Just yesterday I capsized my Sunfish (a small beginners sailboat), and managed to get back underway, considerably dampened, only a few minutes later. Flipping a sailboat was one of my main fears in learning to sail, so I sought the advice of experts in what to do. Now that I have personally tested their advice and found it sound, I present to you the steps to get back underway as quickly as possible.
As soon as the tip of your mast goes under water, you need to begin the process. A friend of mine claims that he is so quick at righting a Laser (a small, but very speedy sailboat) that he can do it all without even getting wet.
- Ensure that your crew is safe and happy. Anyone who came along with you as a guest may be a bit anxious, especially if this is their first capsize. If they are alright, then go ahead and laugh a little. It is only water after all.
- Get around to what should be the bottom of the boat (the hull) and stand on the centerboard as soon as possible. The centerboard runs straight out of the bottom of the boat, and applying weight to it will start putting the bottom of the boat where it belongs - on the bottom. This will probably right the boat immediately, but if not, it will at least keep the boat from completely flipping upside down (turning turtle). Unfortunately my Sunfish had a daggerboard, and it fell out, which left me with nothing to stand on, and concern for where my daggerboard went to.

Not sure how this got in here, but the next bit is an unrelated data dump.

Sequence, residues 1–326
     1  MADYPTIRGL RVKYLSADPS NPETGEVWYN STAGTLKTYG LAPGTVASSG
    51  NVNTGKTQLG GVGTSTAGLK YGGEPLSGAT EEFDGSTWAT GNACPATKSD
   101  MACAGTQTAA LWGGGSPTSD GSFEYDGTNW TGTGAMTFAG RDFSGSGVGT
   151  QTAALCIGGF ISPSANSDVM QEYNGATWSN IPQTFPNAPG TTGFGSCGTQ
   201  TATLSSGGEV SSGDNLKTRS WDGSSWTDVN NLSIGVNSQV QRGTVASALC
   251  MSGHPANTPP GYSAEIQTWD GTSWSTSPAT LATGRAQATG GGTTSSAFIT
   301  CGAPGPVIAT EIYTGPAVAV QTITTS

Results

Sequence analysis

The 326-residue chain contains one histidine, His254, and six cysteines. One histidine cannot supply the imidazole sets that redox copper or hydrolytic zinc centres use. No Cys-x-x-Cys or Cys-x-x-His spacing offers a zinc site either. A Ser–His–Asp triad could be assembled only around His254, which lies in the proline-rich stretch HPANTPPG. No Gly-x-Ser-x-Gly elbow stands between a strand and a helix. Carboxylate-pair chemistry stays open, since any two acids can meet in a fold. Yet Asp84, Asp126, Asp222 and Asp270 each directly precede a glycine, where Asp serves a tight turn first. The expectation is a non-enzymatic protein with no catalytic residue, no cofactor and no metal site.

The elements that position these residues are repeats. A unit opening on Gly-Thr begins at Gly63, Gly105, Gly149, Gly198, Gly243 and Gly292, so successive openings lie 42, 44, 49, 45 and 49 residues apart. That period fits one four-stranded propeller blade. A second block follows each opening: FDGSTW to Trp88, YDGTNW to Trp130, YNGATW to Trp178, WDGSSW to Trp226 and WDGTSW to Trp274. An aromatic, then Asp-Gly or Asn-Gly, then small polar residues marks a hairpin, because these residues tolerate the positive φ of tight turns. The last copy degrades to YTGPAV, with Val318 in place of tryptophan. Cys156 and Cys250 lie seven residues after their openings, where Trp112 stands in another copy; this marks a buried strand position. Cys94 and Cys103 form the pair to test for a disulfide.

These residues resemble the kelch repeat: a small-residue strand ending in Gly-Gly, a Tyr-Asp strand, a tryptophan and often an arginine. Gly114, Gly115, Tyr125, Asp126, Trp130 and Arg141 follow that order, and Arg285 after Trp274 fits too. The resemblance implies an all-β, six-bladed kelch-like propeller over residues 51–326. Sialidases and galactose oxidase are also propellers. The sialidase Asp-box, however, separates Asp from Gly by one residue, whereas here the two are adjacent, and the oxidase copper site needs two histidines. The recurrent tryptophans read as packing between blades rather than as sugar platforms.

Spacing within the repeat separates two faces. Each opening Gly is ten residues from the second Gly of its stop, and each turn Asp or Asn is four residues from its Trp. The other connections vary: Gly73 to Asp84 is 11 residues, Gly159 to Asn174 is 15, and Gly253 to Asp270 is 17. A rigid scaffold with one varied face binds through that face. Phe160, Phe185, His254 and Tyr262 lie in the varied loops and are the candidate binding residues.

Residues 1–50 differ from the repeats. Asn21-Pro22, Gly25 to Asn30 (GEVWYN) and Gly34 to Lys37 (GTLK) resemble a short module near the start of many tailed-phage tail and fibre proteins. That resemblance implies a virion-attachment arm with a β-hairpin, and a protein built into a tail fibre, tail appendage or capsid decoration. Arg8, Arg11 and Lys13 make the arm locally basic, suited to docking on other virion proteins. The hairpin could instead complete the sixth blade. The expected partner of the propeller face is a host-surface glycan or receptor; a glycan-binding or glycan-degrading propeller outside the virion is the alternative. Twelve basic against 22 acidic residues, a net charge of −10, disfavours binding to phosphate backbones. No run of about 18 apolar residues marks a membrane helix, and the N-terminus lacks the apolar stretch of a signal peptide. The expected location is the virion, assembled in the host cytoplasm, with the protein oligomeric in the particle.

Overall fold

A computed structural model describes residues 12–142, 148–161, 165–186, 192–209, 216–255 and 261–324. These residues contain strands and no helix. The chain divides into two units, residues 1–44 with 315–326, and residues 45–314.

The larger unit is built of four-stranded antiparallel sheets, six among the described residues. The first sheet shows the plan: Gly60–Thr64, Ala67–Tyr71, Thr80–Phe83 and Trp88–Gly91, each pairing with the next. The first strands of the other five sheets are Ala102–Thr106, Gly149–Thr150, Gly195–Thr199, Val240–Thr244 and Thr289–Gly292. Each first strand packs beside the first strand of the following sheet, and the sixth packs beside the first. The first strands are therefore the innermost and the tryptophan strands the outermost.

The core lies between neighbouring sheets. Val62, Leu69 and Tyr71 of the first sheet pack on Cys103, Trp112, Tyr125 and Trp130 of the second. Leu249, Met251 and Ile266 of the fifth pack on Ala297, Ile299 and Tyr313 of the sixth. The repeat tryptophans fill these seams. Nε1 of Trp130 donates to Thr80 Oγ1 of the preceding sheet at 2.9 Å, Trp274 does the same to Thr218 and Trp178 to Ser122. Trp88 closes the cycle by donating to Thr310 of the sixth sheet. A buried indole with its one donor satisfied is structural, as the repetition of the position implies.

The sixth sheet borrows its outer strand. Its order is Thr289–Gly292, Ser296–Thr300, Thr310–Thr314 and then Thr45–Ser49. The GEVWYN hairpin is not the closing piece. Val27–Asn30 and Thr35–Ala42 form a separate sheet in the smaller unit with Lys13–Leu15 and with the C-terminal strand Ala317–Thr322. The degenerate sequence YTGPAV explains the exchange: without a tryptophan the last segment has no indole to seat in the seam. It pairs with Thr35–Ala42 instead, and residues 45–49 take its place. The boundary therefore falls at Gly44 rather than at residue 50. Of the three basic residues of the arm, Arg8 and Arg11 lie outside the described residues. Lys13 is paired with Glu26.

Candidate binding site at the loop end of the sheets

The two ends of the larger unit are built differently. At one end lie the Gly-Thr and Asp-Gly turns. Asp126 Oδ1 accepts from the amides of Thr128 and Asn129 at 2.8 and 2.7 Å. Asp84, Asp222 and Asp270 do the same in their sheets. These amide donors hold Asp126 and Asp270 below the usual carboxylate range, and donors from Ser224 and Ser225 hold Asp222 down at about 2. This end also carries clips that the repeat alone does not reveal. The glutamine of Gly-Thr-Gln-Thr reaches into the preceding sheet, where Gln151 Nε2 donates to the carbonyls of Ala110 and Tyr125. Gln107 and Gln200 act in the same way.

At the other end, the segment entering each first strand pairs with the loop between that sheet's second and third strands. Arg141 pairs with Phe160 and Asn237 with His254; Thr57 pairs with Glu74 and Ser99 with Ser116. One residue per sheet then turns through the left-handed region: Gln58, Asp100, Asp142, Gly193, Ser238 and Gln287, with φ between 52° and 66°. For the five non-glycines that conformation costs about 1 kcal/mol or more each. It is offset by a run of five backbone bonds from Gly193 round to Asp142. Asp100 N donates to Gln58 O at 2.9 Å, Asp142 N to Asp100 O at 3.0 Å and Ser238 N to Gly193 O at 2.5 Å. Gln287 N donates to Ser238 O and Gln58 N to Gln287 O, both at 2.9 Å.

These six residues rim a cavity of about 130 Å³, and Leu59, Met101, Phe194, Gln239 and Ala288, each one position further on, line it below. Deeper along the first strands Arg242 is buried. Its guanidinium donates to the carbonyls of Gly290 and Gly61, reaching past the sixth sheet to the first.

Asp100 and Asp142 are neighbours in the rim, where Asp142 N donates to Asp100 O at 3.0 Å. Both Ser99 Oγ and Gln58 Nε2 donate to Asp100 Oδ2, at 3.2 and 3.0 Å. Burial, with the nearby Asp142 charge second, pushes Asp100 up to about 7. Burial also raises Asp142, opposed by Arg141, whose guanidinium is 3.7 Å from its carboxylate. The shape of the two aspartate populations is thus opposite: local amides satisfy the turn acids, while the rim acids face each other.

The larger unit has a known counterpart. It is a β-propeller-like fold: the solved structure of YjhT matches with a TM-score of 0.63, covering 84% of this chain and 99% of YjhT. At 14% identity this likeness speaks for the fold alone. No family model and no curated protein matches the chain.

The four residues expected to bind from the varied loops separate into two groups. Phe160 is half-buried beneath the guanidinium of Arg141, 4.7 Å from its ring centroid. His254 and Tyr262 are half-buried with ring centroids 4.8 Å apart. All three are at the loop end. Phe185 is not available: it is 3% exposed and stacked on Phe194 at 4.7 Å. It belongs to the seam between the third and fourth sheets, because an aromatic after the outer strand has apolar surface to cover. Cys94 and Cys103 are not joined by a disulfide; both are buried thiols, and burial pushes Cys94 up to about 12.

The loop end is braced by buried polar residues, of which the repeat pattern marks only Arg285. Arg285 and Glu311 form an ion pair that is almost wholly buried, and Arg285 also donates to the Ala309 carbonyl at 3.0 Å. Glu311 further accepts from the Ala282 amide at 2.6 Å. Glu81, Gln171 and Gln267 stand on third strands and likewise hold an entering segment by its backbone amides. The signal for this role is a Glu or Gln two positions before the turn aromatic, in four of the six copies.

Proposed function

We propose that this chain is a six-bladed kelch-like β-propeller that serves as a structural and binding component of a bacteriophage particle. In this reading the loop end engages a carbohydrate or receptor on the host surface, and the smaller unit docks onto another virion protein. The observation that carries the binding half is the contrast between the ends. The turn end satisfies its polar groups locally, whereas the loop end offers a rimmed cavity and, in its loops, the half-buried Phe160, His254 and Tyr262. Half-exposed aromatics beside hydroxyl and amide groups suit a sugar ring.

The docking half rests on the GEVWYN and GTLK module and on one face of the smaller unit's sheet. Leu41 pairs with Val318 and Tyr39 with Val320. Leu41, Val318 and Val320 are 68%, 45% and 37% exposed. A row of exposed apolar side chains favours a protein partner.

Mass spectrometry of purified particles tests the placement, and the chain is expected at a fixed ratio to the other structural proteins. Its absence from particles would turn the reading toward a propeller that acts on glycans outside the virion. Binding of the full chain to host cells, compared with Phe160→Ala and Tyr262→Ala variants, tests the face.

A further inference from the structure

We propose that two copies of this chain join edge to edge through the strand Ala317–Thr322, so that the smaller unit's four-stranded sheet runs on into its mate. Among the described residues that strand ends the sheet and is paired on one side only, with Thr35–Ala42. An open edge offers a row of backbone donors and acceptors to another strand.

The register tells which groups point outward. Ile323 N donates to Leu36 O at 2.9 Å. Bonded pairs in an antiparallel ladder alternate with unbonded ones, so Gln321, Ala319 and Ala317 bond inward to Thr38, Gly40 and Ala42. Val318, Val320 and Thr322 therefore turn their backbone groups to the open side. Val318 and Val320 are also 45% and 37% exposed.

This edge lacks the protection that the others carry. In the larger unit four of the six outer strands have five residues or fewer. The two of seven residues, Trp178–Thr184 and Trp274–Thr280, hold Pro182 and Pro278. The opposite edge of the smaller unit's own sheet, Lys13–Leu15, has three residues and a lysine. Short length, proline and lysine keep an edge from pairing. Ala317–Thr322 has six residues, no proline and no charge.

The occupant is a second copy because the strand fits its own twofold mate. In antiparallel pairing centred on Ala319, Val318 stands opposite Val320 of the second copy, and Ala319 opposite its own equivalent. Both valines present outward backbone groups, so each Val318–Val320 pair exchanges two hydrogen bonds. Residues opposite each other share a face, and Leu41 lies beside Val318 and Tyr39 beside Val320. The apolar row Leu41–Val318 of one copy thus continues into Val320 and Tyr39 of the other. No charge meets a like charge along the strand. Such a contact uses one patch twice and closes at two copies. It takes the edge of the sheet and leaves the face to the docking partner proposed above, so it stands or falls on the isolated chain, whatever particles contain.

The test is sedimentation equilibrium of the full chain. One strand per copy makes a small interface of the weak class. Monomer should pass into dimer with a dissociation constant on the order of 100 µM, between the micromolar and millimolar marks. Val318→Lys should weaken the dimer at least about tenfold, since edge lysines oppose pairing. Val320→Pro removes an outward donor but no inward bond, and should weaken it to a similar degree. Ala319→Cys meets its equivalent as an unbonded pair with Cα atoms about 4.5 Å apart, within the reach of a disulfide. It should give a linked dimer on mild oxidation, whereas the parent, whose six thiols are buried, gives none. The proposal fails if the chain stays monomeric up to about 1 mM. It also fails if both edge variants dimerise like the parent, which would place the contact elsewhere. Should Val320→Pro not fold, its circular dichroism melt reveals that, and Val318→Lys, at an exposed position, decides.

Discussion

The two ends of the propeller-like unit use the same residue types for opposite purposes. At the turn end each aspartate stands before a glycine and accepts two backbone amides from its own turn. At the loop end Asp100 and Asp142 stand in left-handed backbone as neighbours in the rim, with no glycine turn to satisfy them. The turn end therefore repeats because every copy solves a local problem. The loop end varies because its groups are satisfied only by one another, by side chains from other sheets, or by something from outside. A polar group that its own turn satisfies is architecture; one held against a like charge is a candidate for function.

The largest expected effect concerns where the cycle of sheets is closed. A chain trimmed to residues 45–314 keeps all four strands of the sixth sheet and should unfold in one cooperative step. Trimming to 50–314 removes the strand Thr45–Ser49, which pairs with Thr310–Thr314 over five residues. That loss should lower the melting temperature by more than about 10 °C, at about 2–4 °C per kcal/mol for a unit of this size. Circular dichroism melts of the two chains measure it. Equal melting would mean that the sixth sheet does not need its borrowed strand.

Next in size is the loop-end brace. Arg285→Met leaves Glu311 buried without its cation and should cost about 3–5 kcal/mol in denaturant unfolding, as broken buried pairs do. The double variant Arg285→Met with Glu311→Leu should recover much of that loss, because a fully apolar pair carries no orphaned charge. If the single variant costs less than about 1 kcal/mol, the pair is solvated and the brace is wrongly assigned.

- Make sure that all the ropes (sheets) that you had fastened (cleated) to hold the sails in a steady position are now loose. You don't want to be battling the wind to see who is strongest.
- Pump your weight to get momentum working in your favor.
- If the boat is being stubborn, point it directly into the wind to minimize the winds effect.
- As soon as you get the boat back upright, help each other aboard. Let the sails flutter (luff) in the wind. There is plenty of time to get back under sail after everyone has had a chance to laugh at their wet clothing.
And don't worry about sinking. Modern boats are built with positive boyancy, meaning they won't sink even if completely flooded. Certainly, as a beginning sailor, you will either be in a large keelboat (which is practically impossible to capsize) or a small dinghy (which is easy to right).